We’ve chosen urban housing because Sheffield has lots of sites, big and small, empty and in use, where we could imagine housing like these 10 examples being developed. New estates of semi-detached houses on green fields aren’t the only types of homes that can be built.

Sheffield has a proud tradition of innovative housing and we want to be proud about new homes in our city again. Across Sheffield construction is taking place and cranes are back on the skyline – but let’s not just keep on building more of the same.  It’s about increasing the quantity – and the quality.

So this exhibition is our challenge to the Council, to the architects, planners and investors, and to all of us.

Let’s be more demanding, more ambitious. Let’s learn from the best and then be better.

The housing crisis can be solved. Let’s build more homes but let’s also put Sheffield back at the forefront of housing design.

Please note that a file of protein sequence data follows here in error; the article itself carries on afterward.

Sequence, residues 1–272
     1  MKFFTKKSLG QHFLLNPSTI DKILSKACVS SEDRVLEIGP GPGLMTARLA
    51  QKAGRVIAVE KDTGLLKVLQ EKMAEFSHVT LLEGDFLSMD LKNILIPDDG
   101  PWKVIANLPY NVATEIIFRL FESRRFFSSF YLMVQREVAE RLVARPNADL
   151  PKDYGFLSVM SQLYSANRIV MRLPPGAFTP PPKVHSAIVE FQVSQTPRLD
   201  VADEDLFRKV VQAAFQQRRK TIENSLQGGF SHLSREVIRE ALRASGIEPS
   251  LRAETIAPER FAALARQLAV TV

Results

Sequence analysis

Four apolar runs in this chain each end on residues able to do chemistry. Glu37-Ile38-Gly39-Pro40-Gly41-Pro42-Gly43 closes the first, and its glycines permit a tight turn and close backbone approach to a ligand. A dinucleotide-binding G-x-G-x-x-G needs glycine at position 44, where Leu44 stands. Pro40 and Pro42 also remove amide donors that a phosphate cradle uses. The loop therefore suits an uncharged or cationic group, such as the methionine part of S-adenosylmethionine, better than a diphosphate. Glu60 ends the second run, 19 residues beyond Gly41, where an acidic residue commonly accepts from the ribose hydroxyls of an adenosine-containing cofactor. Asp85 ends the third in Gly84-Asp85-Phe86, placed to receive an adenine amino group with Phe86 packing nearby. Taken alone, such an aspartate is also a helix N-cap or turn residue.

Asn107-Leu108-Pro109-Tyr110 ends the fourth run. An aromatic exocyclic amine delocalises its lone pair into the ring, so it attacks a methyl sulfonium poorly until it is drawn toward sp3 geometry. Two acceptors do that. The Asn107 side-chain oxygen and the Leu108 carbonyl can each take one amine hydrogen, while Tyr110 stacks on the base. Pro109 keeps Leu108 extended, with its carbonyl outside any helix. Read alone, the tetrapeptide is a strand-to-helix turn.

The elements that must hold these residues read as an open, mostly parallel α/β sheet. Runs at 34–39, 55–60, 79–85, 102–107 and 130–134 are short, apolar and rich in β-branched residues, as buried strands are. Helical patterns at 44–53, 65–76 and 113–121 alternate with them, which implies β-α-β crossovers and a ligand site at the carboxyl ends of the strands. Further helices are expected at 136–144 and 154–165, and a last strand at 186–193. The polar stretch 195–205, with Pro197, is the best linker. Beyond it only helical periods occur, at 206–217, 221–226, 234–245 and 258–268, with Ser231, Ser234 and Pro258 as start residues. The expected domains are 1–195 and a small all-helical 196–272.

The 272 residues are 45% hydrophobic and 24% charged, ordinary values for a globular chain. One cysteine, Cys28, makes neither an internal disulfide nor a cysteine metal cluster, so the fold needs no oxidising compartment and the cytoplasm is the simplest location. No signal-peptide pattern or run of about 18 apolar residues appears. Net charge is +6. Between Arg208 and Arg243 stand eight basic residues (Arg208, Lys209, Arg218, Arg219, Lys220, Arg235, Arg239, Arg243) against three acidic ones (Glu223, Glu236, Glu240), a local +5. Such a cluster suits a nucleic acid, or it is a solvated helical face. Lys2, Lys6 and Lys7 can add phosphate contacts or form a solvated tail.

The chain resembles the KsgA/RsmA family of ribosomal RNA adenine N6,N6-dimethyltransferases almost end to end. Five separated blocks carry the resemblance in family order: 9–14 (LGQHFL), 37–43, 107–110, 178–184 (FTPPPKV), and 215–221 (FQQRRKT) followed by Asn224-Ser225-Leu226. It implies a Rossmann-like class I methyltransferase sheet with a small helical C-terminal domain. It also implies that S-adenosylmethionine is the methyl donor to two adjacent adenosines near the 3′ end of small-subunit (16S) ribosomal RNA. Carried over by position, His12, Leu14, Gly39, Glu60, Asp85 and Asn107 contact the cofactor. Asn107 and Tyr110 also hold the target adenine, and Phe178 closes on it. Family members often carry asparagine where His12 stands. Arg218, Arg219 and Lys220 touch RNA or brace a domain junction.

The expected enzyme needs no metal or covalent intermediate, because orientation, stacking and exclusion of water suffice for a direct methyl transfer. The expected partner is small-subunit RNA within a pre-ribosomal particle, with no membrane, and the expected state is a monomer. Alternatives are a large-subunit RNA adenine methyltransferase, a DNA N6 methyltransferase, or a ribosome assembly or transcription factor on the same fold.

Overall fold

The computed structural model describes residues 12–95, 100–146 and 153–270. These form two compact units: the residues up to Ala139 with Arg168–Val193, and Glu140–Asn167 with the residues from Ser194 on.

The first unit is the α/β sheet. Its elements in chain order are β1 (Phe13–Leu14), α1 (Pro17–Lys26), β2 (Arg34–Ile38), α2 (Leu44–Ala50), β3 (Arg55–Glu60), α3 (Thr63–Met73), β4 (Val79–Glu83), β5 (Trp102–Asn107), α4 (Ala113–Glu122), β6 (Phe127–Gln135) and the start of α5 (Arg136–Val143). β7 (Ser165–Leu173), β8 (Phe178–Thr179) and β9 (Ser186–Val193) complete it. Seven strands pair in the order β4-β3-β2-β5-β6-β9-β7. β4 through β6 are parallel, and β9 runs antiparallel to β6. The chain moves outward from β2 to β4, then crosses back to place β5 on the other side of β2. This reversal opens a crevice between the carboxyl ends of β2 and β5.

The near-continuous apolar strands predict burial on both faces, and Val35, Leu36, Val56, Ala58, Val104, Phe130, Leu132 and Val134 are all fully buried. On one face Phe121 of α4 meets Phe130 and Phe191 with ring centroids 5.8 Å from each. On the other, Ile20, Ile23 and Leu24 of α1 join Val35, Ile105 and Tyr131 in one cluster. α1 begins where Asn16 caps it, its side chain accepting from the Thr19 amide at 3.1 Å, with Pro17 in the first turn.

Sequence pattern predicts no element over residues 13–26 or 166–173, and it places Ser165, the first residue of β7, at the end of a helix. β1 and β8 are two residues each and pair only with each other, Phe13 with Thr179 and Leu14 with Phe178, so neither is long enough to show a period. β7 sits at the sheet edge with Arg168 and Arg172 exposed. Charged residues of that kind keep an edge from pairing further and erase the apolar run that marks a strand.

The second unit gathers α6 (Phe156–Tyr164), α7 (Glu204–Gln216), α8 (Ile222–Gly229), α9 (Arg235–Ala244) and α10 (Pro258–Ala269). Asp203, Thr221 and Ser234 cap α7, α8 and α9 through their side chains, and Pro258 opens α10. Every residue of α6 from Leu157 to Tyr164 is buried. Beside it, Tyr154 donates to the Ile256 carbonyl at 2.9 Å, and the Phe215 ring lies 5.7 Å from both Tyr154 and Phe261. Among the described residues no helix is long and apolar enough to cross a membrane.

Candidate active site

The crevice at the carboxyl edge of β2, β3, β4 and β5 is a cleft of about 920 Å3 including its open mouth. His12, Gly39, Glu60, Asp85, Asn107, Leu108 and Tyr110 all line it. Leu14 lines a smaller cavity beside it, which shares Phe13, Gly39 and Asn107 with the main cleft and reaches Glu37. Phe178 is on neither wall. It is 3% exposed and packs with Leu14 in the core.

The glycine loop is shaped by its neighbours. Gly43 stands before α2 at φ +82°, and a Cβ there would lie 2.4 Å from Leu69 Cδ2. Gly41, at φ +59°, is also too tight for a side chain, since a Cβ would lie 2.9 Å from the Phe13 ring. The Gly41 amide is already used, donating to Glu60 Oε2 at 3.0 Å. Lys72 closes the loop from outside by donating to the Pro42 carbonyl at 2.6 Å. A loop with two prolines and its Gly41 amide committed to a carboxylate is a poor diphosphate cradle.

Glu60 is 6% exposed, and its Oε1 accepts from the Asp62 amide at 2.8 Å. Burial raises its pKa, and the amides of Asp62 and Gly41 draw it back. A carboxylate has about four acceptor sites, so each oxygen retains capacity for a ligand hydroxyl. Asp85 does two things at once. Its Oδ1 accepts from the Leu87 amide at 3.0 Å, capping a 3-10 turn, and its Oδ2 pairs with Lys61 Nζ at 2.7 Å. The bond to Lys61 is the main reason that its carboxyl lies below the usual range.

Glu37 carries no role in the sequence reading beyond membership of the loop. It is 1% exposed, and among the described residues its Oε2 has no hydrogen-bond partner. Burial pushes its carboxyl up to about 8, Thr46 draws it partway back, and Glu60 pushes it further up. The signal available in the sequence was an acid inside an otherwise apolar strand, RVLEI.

The architects involved in the exhibition include Project Orange, Ash Sakula, Niall McLaughlin Architects, Pitman Tozer Architects, Claire and David Kemp, Henley Halebrown Rorrison, Architecten-en-en, and O’Donnell and Tuomey, and Peter Barber Architects.

The exhibition was designed and produced by Sheffield Civic Trust in collaboration with The University of Sheffield School of Architecture.

Protecting Sheffield’s Trees – a significant part of our city’s USP

Lee Heykoop, a member of Sheffield Civic Trust’s trustee board, gives her personal take on the treatment of street trees in Sheffield and offers her views on what needs to happen next.

The treatment of street trees in Sheffield, which has disturbed a lot of people, got me to try to pull together the main points as I know them. . . .

I have not been a consistent follower of the several campaigns goaded into being by Amey’s cavalier  approach to felling trees in the Streets Ahead project. So it can be hard to keep track about everything happening with Rustlings Road and the SORT campaign; in Greenhill, Nether Edge, Dore,  Heeley and the Rivelin Valley and with STAG, the Sheffield Tree Action Group which is an umbrella organisation.